The Hancock-Henderson Quill, Inc.
Compiled and Edited by Virginia Ross
Stronghurst Graphic, April 24, 1924
MEDIA MEANDERINGS: Media High School Declamatory Contest will be held at Wever Academy with Monmouth college furnishing the judges. Seven girls and four boys have entered. A nominal admission fee will be asked to help cover expenses. Mrs. A. J. Bacon remains about the same under the care of Dr. Henderson of Stronghurst. The directors of the Media State Bank held a meeting on Tuesday afternoon. The interior, walls and ceiling are being re-decorated. County Supt. of Schools, A. L. Beall went to Western Illinois State Teachers' College, Macomb, to attend a conference of city, town and county superintendents and high school principals. An instructive program on school activities, the new distributive law and the requirements in education for high school teachers, etc., was heard. S. G. Mathers attended a meeting in Oquawka of highway commissioners. Mrs. Tom Morgan is teaching in the grade school filling Prof Shoemaker's place while he is at his home at Colusa suffering an attack of tonsillitis. Dr. Clark of Roseville has been attending little Dorothy Graham who has been quite ill of gastritis. Prof. Murtland was unable to attend to school duties on account of Ptomaine poisoning; however, he was back at work now. Mrs. Sam Lant who has been quite ill for a week or more was taken to Stronghurst so that Dr. Ghent who is treating her might be better able to give her every attention. She was no better at last reports. Miss Mildred Lawyer is quite ill from an attack of tonsillitis. Margaret Emeline, little daughter of Mr. and Mrs. Emory Eberheardt, had the misfortune to fall from the back porch of the home while at play breaking her arm. Dr. HR. Rankin was called to set the injured member. H. O. White left for Peoria to serve on a Federal Grand Jury. Mrs. Anna Adair is doing practical nursing in Roseville. The four week contest for new members between the young men and boys against the old men of the Men's Bible Class ended Sunday with the young men and boys victorious. The old men will give them a fish fry in the dining rooms of the U. P. Church.
OLENA OBSERVATIONS: Rev. Bartram was accompanied to his appointment Sabbath day by his wife, a son and his wife of Bloomington, Ill., and a son who has just returned from the oil fields of Oklahoma. Two youths from Lomax with a new roadsters were seen in the village Sabbath Day. Miss Andra Marsden has accepted a position as secretary to the M. E. pastor of Quincy, Ill. She has also affiliated by letter with the 1st Methodist Church there and is taking an active part in all its various interests. Mr. and Mrs. Gibb and children of Biggsville and Mr. and Mrs. Hartman and babe of Olena ate Easter dinner with the lady's parents, Mr. and Mrs. Herman Burrell. Mr. J. L. Lyons has been having a well dug on his farm and Mr. James Brewer and help are drilling a well at the Clas. Carlson home. Water seems to be a scarce commodity in many homes. Truly we never miss the water till the well runs dry.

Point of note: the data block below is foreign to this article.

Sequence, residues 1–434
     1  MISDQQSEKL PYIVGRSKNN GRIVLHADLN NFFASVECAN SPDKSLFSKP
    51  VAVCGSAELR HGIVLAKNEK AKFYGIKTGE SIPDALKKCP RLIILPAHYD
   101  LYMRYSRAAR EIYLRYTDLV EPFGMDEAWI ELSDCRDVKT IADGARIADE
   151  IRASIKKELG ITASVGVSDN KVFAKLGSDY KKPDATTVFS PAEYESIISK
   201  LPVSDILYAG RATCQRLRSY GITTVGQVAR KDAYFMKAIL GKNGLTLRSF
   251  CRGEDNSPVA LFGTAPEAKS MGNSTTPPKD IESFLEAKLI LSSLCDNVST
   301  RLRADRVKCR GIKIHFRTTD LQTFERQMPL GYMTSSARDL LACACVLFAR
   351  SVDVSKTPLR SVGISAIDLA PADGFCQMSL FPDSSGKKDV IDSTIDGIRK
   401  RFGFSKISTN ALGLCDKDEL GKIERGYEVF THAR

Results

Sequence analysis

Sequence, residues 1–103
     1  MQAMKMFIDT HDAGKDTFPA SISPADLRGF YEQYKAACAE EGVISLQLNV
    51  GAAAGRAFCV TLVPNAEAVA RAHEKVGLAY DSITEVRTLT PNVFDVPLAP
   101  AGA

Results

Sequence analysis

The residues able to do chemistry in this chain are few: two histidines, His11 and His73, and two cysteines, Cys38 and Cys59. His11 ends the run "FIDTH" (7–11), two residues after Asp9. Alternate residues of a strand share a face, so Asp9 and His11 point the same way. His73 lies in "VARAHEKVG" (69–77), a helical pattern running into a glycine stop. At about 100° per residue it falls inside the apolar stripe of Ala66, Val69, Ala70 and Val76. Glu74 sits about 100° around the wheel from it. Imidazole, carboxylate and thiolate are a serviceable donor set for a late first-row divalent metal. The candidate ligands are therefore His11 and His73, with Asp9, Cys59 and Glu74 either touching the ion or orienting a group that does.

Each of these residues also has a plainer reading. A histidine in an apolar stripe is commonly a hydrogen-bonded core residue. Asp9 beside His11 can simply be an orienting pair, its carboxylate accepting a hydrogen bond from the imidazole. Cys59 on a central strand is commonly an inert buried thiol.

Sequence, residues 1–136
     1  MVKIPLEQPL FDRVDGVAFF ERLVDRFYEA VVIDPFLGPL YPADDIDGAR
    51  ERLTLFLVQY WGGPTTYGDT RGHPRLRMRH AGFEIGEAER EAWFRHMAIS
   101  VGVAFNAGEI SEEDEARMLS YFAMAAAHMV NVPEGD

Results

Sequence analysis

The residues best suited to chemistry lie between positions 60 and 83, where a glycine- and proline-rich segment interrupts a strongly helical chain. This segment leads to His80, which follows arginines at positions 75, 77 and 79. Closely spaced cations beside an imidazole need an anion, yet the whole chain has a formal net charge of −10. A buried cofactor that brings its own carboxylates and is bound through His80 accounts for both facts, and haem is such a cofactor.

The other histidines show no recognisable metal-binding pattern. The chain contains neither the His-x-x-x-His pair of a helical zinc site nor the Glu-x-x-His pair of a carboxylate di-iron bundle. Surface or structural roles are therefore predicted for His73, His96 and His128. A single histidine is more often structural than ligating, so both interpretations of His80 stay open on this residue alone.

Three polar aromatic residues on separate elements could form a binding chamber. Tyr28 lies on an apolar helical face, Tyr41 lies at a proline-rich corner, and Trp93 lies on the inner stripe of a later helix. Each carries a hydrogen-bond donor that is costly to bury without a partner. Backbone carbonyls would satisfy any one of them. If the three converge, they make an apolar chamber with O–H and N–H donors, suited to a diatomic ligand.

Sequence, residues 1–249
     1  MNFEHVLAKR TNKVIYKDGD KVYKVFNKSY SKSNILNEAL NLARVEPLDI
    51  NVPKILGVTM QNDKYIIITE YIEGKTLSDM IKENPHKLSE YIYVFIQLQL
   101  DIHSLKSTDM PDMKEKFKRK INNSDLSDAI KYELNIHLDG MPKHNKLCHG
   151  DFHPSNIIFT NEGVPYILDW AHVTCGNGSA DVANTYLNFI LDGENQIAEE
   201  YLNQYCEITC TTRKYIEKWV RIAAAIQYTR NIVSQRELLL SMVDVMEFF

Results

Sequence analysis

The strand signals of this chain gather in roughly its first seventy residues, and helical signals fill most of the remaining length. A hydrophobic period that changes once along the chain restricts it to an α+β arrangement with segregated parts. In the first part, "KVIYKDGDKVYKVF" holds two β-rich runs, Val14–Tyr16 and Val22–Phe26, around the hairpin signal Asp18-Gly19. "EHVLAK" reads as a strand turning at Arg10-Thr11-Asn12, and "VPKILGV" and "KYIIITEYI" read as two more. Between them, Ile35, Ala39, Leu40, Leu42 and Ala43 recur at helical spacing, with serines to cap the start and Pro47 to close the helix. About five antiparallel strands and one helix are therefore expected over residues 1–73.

CARMAN CONCERNS: A representative from the Guest Piano Co. of Burlington, Iowa, was a business caller in the village. (If you could afford a piano, your economic situation was good.) Miss Helen Babcook and Mr. Golden Babcook had Easter vacation visiting at the parental home of A. C. Babcook and family. They are students at Bradley School at Peoria. One of Goldie's boy chums accompanied them home for a visit over Easter Sunday. Frederick Crane who attends Carthage College, returned to school after spending his Easter vacation at home. Mr. and Mrs. Robert Gillis and family and Mr. and Mrs. Frank Wisby spent Easter near Disco at the home of Harry Wisbey. Mr. James Lord and family spent Easter at the home of Clarence Dixon south of Carman. Mr. and Mrs. Wm. Dixon spent Sunday at the home of their daughter, Mrs. Clyde Anderson and family in the Decorra neighborhood. Mrs. Crofford and daughter, Merlene of Burlington, were calling in Carman enroute to the Acel Dowell home; Mrs. C. is the aunt of Mrs. Dowell.
Word arrived from Halfa, Ia., of the death of Charles Cargill who had lived in our neighborhood for many years but moved to Iowa several years ago. The body will be brought back here for burial. The home talent play from Lomax was given in the burg with a full house. Miss Dorothy Dowell of Stronghurst is spending a week with her aunt helping her clean house.
BRIDAL SHOWER IN BIGGSVILLE: Some 50 friends enjoyed a miscellaneous dinner Saturday afternoon at the home of Mrs. Maggie Whiteman, in honor of her niece Mrs. Leone Kilgore Forsythe, just a recent bride. The rooms of the home were beautifully decorated in the bride's favorite colors and the color scheme prevailed through the house of yellow and white. In the large double parlor under the electric chandelier was suspended a yellow umbrella typifying an April shower. Under the rain shade stood a table also decked in yellow and white upon which were the wrapped gifts. When the guests had all arrived, the bride and groom, to the strains of an instrumental duet played by Mrs. Babcock and Mrs. McHenry, were escorted down the stairs by two cousins of the bride, the Misses Madaline White and Myral Crisp, to places near the table and under the umbrella where Mr. Forsythe was introduced and then congratulations and best wishes were extended. Then the couple proceeded to unwrap their packages, which were many and useful. Later in the afternoon refreshments of angel food cake in yellow and white paper cases were served by the Misses Fannie Ericson, Lucile Bigger, Julia Stevenson, Madaline White, Pauline Whiteman and Bermadine Mickey. From out of town were her parents, Mr. and Mrs. Chas. Kilgore, Mrs. A. M. Crisp and daughter, Myral of Galesburg, and Beatrice Stewart of Monmouth.